Everything is Political - Menopause at the Margins
The typical menstruating individual experiences a menstrual cycle for approximately 2,535 days throughout their lifetime. Reflecting back, it's evident how my menstrual cycle journey and menopause experiences were interwoven with these life events, underscoring the importance of bodily autonomy, body sovereignty, access to quality healthcare and support, as well as employment protections. My menstrual cycle stuck around for a solid 34 years, kicking off at the age of 12 and bowing out at 46. During this marathon, my period had a big say in my well-being each month, what I did for fun, my relationships, and how I thought about having kids. As I mapped my journey through perimenopause and menopause, I faced significant shifts—experiencing the loss of a pregnancy, navigating a "geriatric/advanced maternal age" pregnancy, going through a divorce, battling depression, and dealing with job loss. This introspection is magnified by my identity as a Black woman deeply engaged in social justice movements in the South, now I would like to look at how menopause affects humans on a global scale.
By 2025, over a billion individuals globally will have experienced menopause, and in the United States alone, approximately 6,000 people from the GenX generation enter menopause each day. There has been a considerable uptick in women, femmes, transgender, and nonbinary people who menstruate talking about their relationship with their menstrual cycles, from menarche on through to menopause. At Black Girl’s Guide to Surviving Menopause, we offer that menopause is a physical, cultural, and political experience. It’s essential to recognize that menopause isn't a monolithic experience but rather a highly personalized and evolving transformation. Menopause encompasses physical changes, and cultural, social, and political factors also influence it. Expanding our inclusive understanding of those undergoing menopause and the diverse ways and timings in which it occurs is crucial for addressing a variety of needs and potential health and economic disparities. Likewise, understanding the specific context of an individual's menopausal journey— including family background, culture, and systemic challenges— is a significant factor in promoting health equity overall, further impacted by various intersecting identities.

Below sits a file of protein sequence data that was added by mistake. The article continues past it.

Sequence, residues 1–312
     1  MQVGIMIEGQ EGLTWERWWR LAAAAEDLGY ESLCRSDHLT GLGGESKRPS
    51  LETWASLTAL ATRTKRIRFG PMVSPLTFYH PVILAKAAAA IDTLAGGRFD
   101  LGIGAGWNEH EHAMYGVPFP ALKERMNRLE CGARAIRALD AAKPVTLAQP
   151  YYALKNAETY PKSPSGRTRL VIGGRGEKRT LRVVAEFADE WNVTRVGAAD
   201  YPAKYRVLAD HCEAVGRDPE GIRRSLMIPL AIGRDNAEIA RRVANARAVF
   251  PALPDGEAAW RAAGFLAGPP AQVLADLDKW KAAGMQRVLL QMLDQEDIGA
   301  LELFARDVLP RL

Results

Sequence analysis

In the growing menopause ecosystem, many advocates, culture critics, physicians, researchers, and journalists speak of the need and opportunity to normalize the menopause experience. This is the crux of culture and narrative shift work that is a pathway to improvements in provider preparedness, menopause care by healthcare providers, and policy change. The call to normalize an experience that will impact more than a billion people worldwide is critical to improving the menopause experience and health outcomes for all. It is equally critical to not further marginalize the menopause experiences and needs of Black, indigenous, and other people of color, as well as LGBTQIA+ people, through the invisibilization of their needs as policies developed or transformed to be more equitable and just. It is also vital to acknowledge that our societal and cultural perspectives on aging are intertwined with how we perceive menopause, impacting our overall attitudes toward this life stage and the associated transition.